12. Weather Report – Black Market (live)
  13. Babatunde Lea – March of the Jazz Guerrillas
  14. Havana Cultura (feat. Roberto Fonseca) – Mami

Two really unusual Youtube clips this week.  The first features the late Dr Billy Taylor, here with Willie ‘The Lion’ Smith and Duke Ellington (and an unseen band…) on The David Frost Show:


And in contrast, here’s Weather Report featuring Wayne Shorter with an interesting take on Johnny Mercers standard Midnight Sun recorded live in Germany in 1978.  Enjoy!

Playlist – 23 December 2010

Welcome to part two of the best of 2010.  It’s the usual eclectic range of music including great new tracks from the likes of William Parker and Jason Moran, some intelligent jazz and latin remixes and a slew of essential reissues.

  1. Cee Lo Green – The Lady Killer theme
  2. John Thorne/Danny Thompson – The Light that Guides/Floating Points Ensemble – Post Suite
  3. Darcy James Argue’s Secret Society – Phobos
  4. William Parker – Freddie’s Dead
  5. Stafford James – Costa Bruciata
  6. The Modern Jazz Quartet – The Jasmin Tree
  7. Booker Little Quartet – Opening Statement
  8. Miles Davis – Concert on the Runway
  9. Miguel Atwood-Ferguson (feat. Dwele) – Angel
  10. Jason Moran – Blue Blocks
  11. Mulatu Astatke – The Way to Nice
  12. RSL – Wesley Music
  13. Jam da Silva – Mania
  14. Roberto Fonseca – Mami (Edgaro el Productor en Jefe Tropicalia remix)
  15. Food – Chimaera
  16. Miles Davis – John McLaughlin
  17. Finn Peters – Agitation
  18. Chuck Brown – Moody’s Mood

The Youtube video is back and there’s two to watch this week. First up is pianist Jason Moran and his own composition Thelonius followed by Le Poisson Rouge from Darcy James Argue’s Secret Society.

Best of 2010

As in 2009, our Best of 2010 features the same eclectic mix that characterizes the show each week. We don’t have a prearranged playlist and we have always played whatever we like. As we noted in the 2009 review, “jazz is about how the music feels and sounds rather than whether it meets any restricted definition of what jazz might or might not be.” Each of these releases feature music we will come back to again and again in 2011.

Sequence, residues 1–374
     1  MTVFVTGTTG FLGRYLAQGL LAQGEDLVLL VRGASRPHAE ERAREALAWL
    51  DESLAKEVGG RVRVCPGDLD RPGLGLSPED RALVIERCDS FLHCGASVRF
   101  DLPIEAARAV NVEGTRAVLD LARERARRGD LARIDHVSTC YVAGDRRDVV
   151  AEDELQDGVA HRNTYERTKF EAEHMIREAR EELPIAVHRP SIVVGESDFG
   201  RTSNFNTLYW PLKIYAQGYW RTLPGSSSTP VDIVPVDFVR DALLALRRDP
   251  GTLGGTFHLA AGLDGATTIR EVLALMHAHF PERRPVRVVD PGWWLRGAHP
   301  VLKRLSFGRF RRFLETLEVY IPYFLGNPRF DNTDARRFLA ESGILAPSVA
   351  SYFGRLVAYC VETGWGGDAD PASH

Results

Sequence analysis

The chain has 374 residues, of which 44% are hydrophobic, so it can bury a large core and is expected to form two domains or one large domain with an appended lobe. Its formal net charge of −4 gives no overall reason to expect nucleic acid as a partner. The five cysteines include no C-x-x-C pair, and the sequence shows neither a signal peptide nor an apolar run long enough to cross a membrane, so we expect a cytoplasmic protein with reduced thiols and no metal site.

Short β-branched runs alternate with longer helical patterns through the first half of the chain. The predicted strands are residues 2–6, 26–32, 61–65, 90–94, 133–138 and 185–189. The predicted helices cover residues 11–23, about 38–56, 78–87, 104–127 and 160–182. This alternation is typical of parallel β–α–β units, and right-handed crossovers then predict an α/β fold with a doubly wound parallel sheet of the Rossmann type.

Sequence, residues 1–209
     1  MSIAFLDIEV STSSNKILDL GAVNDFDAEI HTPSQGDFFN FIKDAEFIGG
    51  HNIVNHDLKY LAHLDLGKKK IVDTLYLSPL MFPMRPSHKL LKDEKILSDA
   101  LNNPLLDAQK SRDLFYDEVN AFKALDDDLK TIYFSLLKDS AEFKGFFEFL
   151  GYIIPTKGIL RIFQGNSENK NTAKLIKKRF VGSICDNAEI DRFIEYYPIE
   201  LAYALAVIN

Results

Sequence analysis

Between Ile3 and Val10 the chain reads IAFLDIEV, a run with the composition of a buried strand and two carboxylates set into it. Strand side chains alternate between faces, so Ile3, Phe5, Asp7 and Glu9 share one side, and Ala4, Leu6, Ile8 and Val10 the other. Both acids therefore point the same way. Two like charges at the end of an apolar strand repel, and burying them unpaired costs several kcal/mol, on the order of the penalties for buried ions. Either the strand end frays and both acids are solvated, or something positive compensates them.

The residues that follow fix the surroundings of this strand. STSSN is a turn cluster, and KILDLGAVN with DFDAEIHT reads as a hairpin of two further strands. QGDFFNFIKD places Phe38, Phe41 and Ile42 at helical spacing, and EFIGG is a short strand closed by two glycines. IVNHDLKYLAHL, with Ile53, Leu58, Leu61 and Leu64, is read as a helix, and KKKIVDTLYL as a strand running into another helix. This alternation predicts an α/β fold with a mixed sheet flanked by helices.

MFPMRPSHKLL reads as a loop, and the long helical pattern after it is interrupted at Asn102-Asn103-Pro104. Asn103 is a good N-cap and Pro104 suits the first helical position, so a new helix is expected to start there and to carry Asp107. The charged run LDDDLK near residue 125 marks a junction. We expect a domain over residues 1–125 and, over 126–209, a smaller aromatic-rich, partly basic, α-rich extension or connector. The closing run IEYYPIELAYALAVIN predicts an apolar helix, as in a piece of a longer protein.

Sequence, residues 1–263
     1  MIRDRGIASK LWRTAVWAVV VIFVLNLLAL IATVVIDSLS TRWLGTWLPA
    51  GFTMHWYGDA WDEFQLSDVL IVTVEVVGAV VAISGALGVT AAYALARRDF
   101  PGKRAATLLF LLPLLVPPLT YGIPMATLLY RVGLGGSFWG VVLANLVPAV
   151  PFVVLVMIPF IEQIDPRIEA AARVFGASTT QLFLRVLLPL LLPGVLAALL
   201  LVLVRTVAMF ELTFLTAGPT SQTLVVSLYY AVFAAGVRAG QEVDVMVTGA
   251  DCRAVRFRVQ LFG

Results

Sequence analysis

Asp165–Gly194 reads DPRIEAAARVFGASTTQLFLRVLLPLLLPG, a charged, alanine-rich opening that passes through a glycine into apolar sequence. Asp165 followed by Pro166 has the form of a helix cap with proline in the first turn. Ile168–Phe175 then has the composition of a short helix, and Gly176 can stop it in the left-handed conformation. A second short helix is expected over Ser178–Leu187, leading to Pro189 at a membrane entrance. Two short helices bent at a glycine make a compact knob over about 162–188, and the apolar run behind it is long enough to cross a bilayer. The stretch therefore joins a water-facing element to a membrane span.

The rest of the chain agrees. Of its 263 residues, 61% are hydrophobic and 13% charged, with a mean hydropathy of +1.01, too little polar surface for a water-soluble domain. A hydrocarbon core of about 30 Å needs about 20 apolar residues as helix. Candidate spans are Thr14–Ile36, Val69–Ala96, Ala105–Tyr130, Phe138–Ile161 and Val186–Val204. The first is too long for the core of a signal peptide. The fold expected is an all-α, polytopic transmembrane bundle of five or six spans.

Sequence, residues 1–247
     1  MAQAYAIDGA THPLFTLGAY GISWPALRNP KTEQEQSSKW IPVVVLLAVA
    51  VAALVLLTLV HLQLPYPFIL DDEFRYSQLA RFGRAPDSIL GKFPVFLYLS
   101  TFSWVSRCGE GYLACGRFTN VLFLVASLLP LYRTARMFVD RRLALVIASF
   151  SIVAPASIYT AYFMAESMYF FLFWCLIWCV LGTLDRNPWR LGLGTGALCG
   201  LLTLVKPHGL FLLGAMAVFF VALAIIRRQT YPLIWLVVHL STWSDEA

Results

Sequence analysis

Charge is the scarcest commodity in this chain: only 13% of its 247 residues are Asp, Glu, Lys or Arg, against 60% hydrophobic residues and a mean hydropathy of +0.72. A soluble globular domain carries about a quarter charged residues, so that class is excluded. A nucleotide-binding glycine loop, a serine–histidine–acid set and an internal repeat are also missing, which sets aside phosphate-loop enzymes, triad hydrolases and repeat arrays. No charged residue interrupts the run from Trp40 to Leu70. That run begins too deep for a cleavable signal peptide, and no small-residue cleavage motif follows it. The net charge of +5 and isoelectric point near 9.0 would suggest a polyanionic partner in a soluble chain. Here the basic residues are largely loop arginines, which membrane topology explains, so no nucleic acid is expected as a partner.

So let’s start at the top. For me, the most outstanding jazz release of the year has to be Charles Lloyd’s career-defining Mirror. It’s an enigmatic title for an uncharacteristically straightforward trawl through old favourites like The Water is Wide, some quirky new covers like Brian Wilson’s Caroline, No and –for the first time on a Lloyd album – Tagi, a spoken word meditation on life and philosophy. What makes the album so successful is Lloyd’s current quartet, a line-up that is so symbiotically welded to Lloyd’s understanding of what he wants from the music that we hear perfection at almost every turn of this ECM disc. Jason Moran, Reuben Rogers and Eric Harland are the perfect foils to Lloyd’s tone which just exudes warmth and gravitas in equal measure.

Second up is the third outing for Phronesis, the trio led by bassist Jasper Hoiby. Alive is indeed a live recording from the Forge Arts Centre in Camden, London. All tracks are by Hoiby and the beautifully recorded bass led tunes feature terrific interplay between the leader and stand-in drummer Mark Guiliana. Have a listen to Eight Hours for a taste of this Edition Records home-grown triumph.

A discovery for me in 2010 has been the music of pianist Marc Cary. He first came to my attention through the website Breath of Life (check it out via the Cosmic Jazz link). His range is similar to that of another CJ favourite, Robert Glasper – a mix of eclectic cover choices with groove led workouts on his trio recordings together with some Fender Rhodes touches and – with other groups – rap and spoken word elements too. This year Focus Trio Live 2009 on Motema Music showcased his own compositions alongside standards like Round Midnight and Jackie McLean’s Minor March. Well worth a listen – if you can find it.